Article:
Ecofeminists argue that, for some time in the West, Nature has been treated as feminine, as property, as passive, and then destroyed. Ruskin’s View is no exception: the poet Michael Drayton described the Lune itself as a maternal figure in the 17th century. Reaching Kirkby Lonsdale, she ‘lovingly doth play / With her dear daughter Dale, which her firm cheek doth lay / To her clear mother’s breast.’
Gillian Rose writes in Feminism and Geography that ‘the same sense of visual power as well as pleasure is at work as the eye traverses both the field and flesh: The masculine gaze of knowledge and desire.’ Steven Adams and Anna Gruetzner Robins note that the emergence of ‘the notion that Nature was there to be subjugated coincides with increasing expansionist policies and colonialism, with the growing commodification of nature, and the corresponding upsurge in landscape art.’ I think again of the colonial undertones in Ruskin’s comment, ‘one of the loveliest scenes in England – therefore, in the world.’
I think about these connections between seeing, knowing and owning. I remember how the tourists used to look out over the valley, trying to identify landmarks with their maps: Ingleborough… Casterton… Kirfitt… They’d get it wrong. I’d never correct them.
Kirfitt Hall farmhouse was left out of Turner’s painting, although clearly it was there at the time. A few years ago the farmer submitted plans for a new building. The council refused, afraid it might affect the View and therefore tourism. The farmer painted his whole barn yellow, red and blue in protest. The two artworks – Turner’s and the farmer’s – exist in tense conversation. The pastoral idyll isn’t intended for pastoral people.
Sometimes I worry about the influence of Turner and Ruskin here, that in capturing this valley on canvas and page, in turning it from place to landscape and description, they somehow flattened it, established an official way to see: an official view, an official viewing point, an official way to relate to it. But places, like the people in them, are not static. The view of the Lune Valley hasn’t always been the loveliest scene in England. Turner’s painting may be considered a pastoral idyll, but what he actually encountered when visiting Kirkby Lonsdale was an apocalypse.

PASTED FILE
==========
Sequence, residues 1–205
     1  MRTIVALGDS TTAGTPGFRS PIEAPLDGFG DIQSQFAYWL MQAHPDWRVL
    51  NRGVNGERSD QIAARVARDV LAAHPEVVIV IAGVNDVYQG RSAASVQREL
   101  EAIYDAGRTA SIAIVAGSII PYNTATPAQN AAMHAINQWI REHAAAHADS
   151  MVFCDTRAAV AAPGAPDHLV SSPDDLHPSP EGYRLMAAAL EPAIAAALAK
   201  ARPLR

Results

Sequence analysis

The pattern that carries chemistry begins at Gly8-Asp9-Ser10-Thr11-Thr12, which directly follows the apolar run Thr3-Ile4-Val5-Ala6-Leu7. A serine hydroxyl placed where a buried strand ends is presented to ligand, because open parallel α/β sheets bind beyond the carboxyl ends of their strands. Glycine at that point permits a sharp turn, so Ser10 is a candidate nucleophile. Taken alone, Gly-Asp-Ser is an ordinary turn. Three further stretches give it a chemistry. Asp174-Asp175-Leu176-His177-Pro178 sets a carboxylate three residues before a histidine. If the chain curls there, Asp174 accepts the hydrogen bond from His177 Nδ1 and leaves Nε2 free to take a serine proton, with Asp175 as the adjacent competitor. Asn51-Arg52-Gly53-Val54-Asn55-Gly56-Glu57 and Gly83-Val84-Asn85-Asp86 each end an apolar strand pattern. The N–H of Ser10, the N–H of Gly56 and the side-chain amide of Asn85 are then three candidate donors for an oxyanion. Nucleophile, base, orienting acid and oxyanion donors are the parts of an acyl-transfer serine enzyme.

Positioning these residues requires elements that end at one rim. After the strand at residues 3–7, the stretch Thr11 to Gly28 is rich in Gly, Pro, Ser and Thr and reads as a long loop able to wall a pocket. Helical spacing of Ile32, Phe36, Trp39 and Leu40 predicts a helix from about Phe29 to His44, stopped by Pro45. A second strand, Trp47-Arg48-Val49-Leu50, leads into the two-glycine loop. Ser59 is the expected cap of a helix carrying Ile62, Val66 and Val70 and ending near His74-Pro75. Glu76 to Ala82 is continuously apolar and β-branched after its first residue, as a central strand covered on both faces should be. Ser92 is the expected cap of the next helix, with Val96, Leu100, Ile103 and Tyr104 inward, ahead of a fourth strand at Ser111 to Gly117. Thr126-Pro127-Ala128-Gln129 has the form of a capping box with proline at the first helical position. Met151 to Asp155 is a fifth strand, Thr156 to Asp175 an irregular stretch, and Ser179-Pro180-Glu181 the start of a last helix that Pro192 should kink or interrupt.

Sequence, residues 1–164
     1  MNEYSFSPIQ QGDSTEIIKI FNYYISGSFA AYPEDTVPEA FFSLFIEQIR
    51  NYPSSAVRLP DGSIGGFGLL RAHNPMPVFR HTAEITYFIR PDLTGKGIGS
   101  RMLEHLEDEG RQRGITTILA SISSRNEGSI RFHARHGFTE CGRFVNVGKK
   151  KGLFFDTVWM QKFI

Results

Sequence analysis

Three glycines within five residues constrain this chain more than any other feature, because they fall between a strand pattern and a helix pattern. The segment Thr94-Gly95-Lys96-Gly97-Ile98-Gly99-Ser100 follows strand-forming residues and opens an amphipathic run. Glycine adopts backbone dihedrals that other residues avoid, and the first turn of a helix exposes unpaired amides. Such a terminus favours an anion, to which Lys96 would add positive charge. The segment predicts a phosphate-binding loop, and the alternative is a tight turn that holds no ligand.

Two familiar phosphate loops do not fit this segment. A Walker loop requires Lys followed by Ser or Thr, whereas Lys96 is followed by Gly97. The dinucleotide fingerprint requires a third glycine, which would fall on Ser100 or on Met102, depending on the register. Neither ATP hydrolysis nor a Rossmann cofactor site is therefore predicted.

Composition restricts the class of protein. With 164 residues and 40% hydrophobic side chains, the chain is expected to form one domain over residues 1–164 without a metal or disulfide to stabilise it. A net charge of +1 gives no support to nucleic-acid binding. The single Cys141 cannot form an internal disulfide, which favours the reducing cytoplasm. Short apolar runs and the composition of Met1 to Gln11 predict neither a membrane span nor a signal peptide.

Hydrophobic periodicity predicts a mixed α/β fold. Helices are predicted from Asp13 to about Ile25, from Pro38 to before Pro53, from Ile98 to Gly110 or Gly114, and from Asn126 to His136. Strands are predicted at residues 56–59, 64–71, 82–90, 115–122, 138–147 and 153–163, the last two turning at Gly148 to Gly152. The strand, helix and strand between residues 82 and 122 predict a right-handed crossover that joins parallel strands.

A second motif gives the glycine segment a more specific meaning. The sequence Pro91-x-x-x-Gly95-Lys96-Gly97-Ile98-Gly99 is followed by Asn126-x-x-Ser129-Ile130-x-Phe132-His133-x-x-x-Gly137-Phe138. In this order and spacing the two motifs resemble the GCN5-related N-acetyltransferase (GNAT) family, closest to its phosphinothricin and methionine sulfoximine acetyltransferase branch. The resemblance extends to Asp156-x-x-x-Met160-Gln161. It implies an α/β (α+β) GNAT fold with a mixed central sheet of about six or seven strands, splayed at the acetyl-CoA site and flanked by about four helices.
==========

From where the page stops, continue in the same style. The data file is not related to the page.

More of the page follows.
Turner’s painting was based on sketches he made while visiting Kirkby Lonsdale in August 1816 – known to history as the year without a summer. A year before, Mount Tambora in what is now Indonesia had erupted. It was the earth’s largest eruption in at least 1,300 years and led to famines across the Northern Hemisphere. The planet cooled by 0.4-0.7°C. High levels of tephra in the atmosphere caused startlingly red sunsets all summer, captured in many of Turner’s other paintings. Lord Byron described in his poem ‘Darkness’ (1816) how
The bright sun was extinguish’d, and the stars
Did wander darkling in the eternal space,
Rayless, and pathless, and the icy earth
Swung blind and blackening in the moonless air;
Morn came and went—and came, and brought no day…
Byron was on holiday with friends in Switzerland at the time. Let down by the sun, they took advantage of the eerie weather to compete at writing ghost stories. The most famous contender was Mary Shelley’s Frankenstein. Byron’s doctor John Polidori wrote The Vampyre, which later heavily influenced Bram Stoker’s Dracula.
Maybe it wasn’t time that stole the light from the painting, but ash.
In Turner’s painting the colours are desaturated, as if faded with time. The sky is tinged an off-putting yellow hue, not quite sunlight. Really, it pales in comparison to the real thing and to his other paintings. Ruskin called Turner ‘the painter of light’. Perhaps there is something of the gothic to this landscape after all. Maybe it wasn’t time that stole the light from the painting, but ash.
I wonder again why Turner chose not to include the farm, perhaps itself caught in the grips of famine. Could it have been an act of kindness? Was the kindness to the farmer – not wanting to make a spectacle of his pain – or to himself, to the viewer – not wanting us to have the pain of bearing witness to it?